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You would need a proper study of a die shot of the core in question to guess at how much of the area was committed to dedicated hw.
I know. I just think to qualify the discussion about HW acceleration, you need to know how much die area is dedicated to it.
 

DrMrLordX

Lifer
Apr 27, 2000
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I know. I just think to qualify the discussion about HW acceleration, you need to know how much die area is dedicated to it.
That would certainly put into perspective the issue of how much die area is committed to hw acceleration versus, you know, something else. Cache, extra cores, whatever.
 

Eug

Lifer
Mar 11, 2000
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I’m curious as to what M2 will be. Will it include ProRes acceleration? The answer to that is undoubtedly yes, since A15 already includes ProRes acceleration. I too am interested to know how much die space it takes up, but I figure it can’t be that much since this iPhone SoC already has it.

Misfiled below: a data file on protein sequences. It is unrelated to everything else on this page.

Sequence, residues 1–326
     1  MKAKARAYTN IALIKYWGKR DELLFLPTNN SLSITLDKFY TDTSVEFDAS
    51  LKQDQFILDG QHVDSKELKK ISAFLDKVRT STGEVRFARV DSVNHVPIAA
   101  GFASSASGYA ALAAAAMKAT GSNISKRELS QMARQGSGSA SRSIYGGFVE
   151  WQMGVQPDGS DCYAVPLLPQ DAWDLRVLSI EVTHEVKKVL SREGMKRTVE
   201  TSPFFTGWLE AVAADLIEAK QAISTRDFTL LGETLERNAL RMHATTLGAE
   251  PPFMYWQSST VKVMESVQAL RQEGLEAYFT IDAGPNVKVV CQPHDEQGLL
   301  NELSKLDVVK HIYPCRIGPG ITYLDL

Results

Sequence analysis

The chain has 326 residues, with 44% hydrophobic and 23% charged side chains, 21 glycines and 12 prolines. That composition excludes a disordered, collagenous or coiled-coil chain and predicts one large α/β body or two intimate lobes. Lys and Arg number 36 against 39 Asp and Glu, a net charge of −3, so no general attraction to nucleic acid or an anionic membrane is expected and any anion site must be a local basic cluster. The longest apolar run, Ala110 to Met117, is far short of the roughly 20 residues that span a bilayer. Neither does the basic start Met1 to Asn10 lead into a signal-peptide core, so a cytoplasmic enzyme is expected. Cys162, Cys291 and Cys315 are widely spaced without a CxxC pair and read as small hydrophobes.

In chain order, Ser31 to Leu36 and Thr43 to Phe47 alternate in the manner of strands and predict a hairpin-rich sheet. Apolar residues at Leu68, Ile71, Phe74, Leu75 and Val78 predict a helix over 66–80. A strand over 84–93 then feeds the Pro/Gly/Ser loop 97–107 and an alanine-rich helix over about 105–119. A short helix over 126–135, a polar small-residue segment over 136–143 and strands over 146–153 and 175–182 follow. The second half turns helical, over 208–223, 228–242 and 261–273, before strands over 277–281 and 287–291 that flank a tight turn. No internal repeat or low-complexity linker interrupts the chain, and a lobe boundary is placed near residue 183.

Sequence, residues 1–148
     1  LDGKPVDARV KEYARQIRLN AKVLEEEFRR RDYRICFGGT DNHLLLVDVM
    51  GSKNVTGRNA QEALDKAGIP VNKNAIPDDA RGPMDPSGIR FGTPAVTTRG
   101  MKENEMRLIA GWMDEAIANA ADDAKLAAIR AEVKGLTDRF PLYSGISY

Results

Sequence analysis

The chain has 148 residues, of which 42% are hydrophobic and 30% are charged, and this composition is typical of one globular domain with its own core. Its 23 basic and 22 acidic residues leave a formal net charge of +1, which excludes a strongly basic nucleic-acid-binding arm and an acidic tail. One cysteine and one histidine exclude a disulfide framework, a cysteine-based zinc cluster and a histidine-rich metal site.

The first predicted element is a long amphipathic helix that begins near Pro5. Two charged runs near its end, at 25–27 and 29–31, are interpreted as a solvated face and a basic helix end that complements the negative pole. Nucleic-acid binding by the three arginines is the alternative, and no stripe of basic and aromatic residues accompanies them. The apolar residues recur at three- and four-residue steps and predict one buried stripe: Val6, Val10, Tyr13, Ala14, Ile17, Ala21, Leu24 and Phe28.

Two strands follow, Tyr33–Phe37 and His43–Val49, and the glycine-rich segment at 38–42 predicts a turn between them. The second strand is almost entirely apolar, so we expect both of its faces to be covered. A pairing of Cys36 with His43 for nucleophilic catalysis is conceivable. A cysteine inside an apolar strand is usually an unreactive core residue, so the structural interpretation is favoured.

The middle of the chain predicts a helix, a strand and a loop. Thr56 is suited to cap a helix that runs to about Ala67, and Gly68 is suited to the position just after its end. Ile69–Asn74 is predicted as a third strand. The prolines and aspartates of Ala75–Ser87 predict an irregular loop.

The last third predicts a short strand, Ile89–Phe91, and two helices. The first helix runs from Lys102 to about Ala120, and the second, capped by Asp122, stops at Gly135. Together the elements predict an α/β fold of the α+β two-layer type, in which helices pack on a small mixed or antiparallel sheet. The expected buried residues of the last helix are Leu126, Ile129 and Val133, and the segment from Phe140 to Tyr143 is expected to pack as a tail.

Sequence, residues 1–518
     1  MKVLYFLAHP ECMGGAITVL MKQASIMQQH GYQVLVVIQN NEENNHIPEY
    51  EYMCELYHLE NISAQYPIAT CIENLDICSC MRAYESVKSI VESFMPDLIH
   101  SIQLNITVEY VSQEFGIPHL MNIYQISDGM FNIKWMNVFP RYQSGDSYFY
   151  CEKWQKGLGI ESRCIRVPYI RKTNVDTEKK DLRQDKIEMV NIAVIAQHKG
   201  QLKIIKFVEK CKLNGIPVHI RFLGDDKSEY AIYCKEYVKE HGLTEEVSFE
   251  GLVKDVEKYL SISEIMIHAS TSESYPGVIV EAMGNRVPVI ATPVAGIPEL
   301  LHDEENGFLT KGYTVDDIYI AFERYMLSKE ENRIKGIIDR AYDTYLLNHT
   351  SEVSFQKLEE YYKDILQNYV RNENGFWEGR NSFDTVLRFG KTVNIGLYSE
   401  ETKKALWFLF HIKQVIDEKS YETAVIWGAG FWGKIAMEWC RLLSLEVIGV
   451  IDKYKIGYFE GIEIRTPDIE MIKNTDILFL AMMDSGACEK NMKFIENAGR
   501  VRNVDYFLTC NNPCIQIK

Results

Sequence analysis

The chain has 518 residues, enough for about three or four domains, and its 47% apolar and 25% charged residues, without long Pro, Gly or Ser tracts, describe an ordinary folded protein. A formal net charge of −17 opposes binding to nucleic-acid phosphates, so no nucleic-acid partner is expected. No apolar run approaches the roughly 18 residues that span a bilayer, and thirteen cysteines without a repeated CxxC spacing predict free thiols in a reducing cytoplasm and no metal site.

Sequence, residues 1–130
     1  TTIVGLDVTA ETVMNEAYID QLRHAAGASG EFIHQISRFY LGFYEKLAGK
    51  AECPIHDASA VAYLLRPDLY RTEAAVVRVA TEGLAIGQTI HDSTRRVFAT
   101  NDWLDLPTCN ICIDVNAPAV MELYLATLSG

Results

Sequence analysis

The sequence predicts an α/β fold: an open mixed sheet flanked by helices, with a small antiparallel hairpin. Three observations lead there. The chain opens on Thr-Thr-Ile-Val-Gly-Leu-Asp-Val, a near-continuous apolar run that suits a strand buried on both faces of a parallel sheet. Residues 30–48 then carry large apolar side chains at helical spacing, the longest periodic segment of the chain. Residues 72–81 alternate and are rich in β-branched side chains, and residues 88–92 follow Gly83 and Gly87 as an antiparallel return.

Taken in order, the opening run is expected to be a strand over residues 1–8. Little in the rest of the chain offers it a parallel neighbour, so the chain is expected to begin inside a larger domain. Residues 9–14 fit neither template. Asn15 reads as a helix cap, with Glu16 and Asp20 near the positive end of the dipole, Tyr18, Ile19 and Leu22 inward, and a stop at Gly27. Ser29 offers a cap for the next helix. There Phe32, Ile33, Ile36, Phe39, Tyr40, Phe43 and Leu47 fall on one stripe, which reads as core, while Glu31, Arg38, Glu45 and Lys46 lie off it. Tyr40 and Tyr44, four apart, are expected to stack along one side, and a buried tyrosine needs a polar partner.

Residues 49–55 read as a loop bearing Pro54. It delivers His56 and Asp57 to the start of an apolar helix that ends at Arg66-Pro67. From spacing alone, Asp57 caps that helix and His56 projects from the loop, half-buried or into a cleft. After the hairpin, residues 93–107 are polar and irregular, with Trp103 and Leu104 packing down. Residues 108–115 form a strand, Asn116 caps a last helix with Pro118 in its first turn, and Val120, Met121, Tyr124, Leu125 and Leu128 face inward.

BTW, while I personally won’t likely need ProRes any time soon, at this point I think anyone wanting to do anything at all with ProRes should stay away from M1 Macs if they can. M1 Pro and M1 Max yes, but M1 no. So that means 14” or 16” MacBook Pro, or wait for 2022 to get an M1 Pro/Max Mac mini or 27” iMac, or else get an M2 machine when it comes out. (Or of course, if a hardcore professional, get a 2022 Mac Pro.)
 

dr1337

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May 25, 2020
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Even if you had hardware acceleration why would you care? I assume there is no pressing timetable for this, so whether it takes an hour, a day or a month is irrelevant to you since you don't have to sit around twiddling your thumbs waiting for it to finish.
Lol you sound like the kind of person who's used a fx4300 for a decade and still likes the performance. Seriously, if you're gonna make that argument, then you're also saying theres no reason for the m1 max to exist.

Frankly I think we all want more computer performance. Just because someone has a workload that they can wait on to finish, doesn't mean thats anywhere remotely ideal. Not to mention some people actually have to pay for their own electricity...
 

Roland00Address